1.  Prostration will be practice by the Orthodox during this service. Nobody will be insulted if you don’t participate. Prostration physically involves kneeling and pressing your forehead to the floor between your hands. Those who perform this will say, this is how man should present himself before God. But for the visitor, remember prostration or not … is voluntary and don’t be surprised to see it.
  2. The Orthodox present will kiss icons. Veneration (kissing) of icons is at a basic level a way of offering respect, which is much more dignified than, say, an American high-five or thumbs up. This isn’t idol worship and again, it’s voluntary and nobody will be taken aback if you don’t also do that. Lighting of candles and kissing the priest’s hand are similar practices which again you don’t have to do, and nobody will censure you at all for not doing so.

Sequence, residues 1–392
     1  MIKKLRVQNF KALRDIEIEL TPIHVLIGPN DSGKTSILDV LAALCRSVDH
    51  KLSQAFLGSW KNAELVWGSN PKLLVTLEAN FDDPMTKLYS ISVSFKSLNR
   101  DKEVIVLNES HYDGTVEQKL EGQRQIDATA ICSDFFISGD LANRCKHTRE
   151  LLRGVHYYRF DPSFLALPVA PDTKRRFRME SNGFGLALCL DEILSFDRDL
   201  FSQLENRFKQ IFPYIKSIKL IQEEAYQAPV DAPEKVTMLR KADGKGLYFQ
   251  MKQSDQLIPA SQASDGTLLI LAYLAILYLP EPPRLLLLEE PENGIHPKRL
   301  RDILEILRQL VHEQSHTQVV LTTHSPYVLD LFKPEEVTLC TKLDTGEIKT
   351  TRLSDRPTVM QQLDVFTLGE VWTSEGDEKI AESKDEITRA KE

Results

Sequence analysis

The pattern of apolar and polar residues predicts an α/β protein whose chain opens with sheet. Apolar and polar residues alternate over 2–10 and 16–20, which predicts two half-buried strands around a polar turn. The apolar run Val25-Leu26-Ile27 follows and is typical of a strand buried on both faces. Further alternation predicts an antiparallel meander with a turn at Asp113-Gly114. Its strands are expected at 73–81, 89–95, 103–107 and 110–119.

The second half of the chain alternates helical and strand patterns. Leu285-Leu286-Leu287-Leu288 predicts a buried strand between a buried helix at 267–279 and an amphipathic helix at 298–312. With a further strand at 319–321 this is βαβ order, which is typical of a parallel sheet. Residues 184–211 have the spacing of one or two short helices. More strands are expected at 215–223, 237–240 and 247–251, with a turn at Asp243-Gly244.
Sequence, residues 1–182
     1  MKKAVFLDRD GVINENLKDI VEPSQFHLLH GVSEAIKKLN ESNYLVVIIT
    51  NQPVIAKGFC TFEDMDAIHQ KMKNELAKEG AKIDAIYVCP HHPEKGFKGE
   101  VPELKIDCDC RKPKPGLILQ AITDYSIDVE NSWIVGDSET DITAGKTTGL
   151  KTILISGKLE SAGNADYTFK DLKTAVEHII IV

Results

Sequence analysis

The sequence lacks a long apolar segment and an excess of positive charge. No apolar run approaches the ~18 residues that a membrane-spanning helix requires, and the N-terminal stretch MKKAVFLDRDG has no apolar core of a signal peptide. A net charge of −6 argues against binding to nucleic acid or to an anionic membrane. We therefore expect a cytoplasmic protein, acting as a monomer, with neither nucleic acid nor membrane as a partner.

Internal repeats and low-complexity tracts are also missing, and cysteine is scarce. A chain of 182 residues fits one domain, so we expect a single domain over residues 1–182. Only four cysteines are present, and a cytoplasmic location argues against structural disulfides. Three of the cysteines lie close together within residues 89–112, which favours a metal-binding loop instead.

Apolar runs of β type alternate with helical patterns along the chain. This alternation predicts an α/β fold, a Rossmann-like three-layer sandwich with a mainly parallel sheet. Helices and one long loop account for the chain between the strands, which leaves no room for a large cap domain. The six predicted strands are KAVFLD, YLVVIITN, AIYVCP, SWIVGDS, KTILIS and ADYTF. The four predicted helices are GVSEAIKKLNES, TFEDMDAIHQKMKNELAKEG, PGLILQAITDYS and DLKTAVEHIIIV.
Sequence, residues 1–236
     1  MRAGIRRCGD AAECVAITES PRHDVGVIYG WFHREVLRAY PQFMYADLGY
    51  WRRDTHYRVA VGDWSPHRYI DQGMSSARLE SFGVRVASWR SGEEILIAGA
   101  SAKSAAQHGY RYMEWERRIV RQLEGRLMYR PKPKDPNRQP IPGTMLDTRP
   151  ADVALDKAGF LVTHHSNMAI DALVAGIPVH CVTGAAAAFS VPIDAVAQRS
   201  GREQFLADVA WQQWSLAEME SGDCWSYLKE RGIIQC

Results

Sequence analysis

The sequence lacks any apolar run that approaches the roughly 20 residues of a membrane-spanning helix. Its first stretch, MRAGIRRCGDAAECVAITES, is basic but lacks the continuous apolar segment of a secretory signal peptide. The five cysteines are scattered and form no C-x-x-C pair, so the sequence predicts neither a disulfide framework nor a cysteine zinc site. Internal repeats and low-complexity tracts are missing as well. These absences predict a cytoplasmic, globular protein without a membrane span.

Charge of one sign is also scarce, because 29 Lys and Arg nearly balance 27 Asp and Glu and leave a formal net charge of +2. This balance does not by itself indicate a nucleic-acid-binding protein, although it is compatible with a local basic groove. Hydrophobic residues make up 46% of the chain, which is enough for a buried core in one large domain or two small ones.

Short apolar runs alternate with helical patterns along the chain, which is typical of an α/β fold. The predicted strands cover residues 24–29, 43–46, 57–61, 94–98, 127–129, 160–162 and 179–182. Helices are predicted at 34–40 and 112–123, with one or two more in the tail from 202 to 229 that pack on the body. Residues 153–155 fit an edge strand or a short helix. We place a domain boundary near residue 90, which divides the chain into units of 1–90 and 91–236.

3. The music will be a capella voice and likely depending on the skill and number of choral members who are present possible a little shaky. The entire canon will be sung or chanted. Forgive mistakes, imagine how it would sound done as written, and more importantly try to let the chant help you find other ways of appreciating what is being said.
  4. There will be incense. In the Old Testament, worship always entailed incense. That remains the case in the Orthodox tradition.

Again, I’ll repeat, if you are of any Western tradition and are in Lent or want to connect in a personal way via liturgy with repentance … go to the Canon of St. Andrew next week … at the very least try it just on the first night and keep coming if it connects with you.